They won six of 11 major events and were undefeated in 30 match races. They totally dominated the drag strip.

In 1969, Sox & Martin won Top Stock and the U.S. Open. In addition they won the NHRA Super Stock titles at the Springnationals and World Finals.

In 1970, Sox & Martin, Dick Landy and the Motown Missle dominated the Pro Stock class with their Hemi powered cars.

Since the engine is so special, it must be worth a bunch. Find out the latest Hemi car prices in my article, How Much An Original 426 Hemi Car is Worth: Recent Prices.

Because Hemi powered cars were putting Boss Mustangs, Comets and big block Chevy Camaros on the trailer, the NHRA made it harder for the Mopar to win.

In 1972 they made the Mopar Pro Stockers run 100 pounds heavier to try and even out the playing field.

Fast forward to 2018 and it’s happened again. The domination of the 3rd generation Hemis spurred the NHRA to make things tougher on Mopar again. They added rules to add 25 lbs. to the Dodge Challenger Drag Paks while removing 25 lbs. from the COPO Camaro and Cobra Jet Mustangs.

Today Nitro burning Top Fuel dragsters have 11,000 horsepower and run 3.7 seconds at more than 330 mph. Guess what they are powered with. A supercharged and fuel injected engine adaptation of the original Hemi engine.

Funny cars which run slightly slower, 3.8 seconds, than Top Fuel run the same Hemi inspired engine.

Since 1964, the Hemi or an engine based on its design has continued dominating the drag strips. This makes it more legendary and special than any other street engine manufactured.

Find out what cars had the Hemi in its first year by checking out my article, The First Year of the 426 Hemi.

The 426 Street Hemi

Nascar outlawed the 426 Hemi in 1965 by changing the rules. Moving forward the engines used by racing teams had to be available in production vehicles.

For this reason and their complete domination, Chrysler sat out most of the 1965 season and started to develop a Hemi for the streets. The first year of the Street Hemi was in 1966 and Plymouth and Dodge were back at the ovals.

Chrysler put in a milder cam, reduced compression, changed the intake, carburetors and the headers to exhaust manifolds. This made the powerful engine suitable for the streets.

The first time I heard a street Hemi I was in awe. It was in a ’67 GTX next to us at a stoplight. Hearing it at idle and revving up through the gears was a special sound. It’s a moment I’ll never forget.

Even in detuned form the engine was proven to catapult cars into the 13 second 1/4 mile range. Very few other muscle cars can claim 1/4 mile times equal to the elephant motor.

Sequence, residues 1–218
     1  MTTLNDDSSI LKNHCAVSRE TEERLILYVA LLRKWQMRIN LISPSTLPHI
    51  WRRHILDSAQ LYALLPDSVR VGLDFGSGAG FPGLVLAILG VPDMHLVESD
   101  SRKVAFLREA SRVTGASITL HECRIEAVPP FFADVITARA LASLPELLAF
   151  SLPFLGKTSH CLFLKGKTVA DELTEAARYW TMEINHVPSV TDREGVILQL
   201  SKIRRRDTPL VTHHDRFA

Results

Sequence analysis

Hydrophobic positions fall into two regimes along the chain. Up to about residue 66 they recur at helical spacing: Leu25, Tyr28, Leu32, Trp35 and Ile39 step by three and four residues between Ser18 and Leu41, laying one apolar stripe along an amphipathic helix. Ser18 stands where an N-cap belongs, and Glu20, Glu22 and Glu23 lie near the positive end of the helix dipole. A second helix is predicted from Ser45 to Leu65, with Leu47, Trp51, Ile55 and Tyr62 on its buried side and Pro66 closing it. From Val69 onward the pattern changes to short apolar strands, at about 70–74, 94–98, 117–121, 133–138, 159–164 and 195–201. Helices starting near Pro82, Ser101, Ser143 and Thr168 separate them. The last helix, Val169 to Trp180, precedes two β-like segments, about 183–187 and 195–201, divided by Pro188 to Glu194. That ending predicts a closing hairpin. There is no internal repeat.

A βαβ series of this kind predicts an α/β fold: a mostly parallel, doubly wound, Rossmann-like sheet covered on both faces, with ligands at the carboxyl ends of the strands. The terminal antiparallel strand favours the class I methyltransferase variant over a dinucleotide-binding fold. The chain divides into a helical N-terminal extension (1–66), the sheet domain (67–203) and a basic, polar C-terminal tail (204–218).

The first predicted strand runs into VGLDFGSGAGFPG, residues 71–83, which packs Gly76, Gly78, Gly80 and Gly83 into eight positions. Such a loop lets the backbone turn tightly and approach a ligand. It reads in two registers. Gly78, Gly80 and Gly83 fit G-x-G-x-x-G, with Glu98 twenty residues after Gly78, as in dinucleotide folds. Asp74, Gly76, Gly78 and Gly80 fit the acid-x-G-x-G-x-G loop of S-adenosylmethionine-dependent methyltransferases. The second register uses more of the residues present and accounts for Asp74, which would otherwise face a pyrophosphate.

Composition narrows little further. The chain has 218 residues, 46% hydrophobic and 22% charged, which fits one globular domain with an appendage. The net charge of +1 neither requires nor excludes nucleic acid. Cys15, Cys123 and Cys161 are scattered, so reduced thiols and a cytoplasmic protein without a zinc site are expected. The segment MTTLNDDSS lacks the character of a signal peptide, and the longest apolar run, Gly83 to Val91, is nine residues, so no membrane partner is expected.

Due to the extra price tag and insurance premiums, not many of the street Hemis were sold. As time has passed, an original numbers matching car may bring in millions at auction.

Learn more about the carburetors in my article, The Carburetors on a 426 Hemi.

The horsepower and torque of the engine sure makes it special. Find out the complete details of its power numbers in my article, 426 Hemi Horsepower and Torque – Rated and Real HP.

Land Speed Records

I already mentioned the 426 Hemi was the first engine to break the 200-mph mark in Nascar. Many people aren’t aware of the land speed records it was able to record.

In 1965, the Summers Brothers Goldenrod streamliner set the world land speed record for wheel-driven vehicles at 409.277 mph. This land speed record remained for over 25 years, from 1961 to 1991 when it was unofficially broken.

If your guessing the Goldenrod had a 426 Hemi, you’d be wrong! It actually had four of them. They were mounted inline and produced a total of 2,400 HP.

The Goldenrod is on display at the Henry Ford Museum.

In 1991 the Spirit of ’76, powered by one supercharged Hemi went 409.986 mph, an unofficial record.

It took 45 years for the Goldenrod record to be officially broken. The Spirit of Rett set the new world record at 414.316 mph.

Bobby Isaac, who broke the lap speed record at Talladega took his winged Hemi to Bonneville Salt Flats in 1971. He set over 28 land speed records including a flying mile at 216.946 mph and 217.368 mph for the flying kilometer.

Find out why the Hemi was banned twice in my article, Why the 426 Hemi was Banned From Nascar.

Marine Racing

In 1966 and 1967, the Miss Chrysler Crew hydroplane was powered by two 426 Hemi engines.

They had a total of six of the engines, two in the car, two in the trailer and two back at Chrysler for maintenance. After each race the engines would get rotated around.

Miss Chrysler Crew was a bold attempt to introduce an automotive engine into a marine racing category dominated at the time by fighter plane engines.

The Miss Chrysler Crew, with the supercharged engines, was mostly remembered as the boat powered by car engines to win a race in the APBA Unlimited Class.

In 1966, they finished second in points for the series.

Find out exactly where the Hemis were cast, machined and assembled in my article, Where Was the 426 Hemi Built?

Wrapping Up

The unlimited potential of the 426 Hemi was recognized in all of the motorsports. For this reason, it thrived and was used in all types of racing.

It’s a rare occurrence an engine with limited production can have a huge influence on all car enthusiast markets so many years later.

From 1964 to 1971 cars equipped with it sold for $3,000 to $4,000. Today, many of these cars top the lists of the most expensive cars sold at auctions.

From Nascar to the drag strip, the street, salt flats and water, the 426 Hemi is legendary. It has an overall record setting history unmatched by any other mass produced engine.

This makes it truly special.

Read More 426 Hemi Articles!

Transmissions a 426 Hemi Used

The Last Year of the 426 Hemi

How Fast is a 426 Hemi? 1/4 Mile & 0-60 Results

426 Hemi Specifications – Complete Engine Specs

What cars Had the 426 Hemi: Street and Race Hemis

What Hemi Means in an Engine: Generation 1, 2 and 3 Hemis

426 Hemi Compression Ratio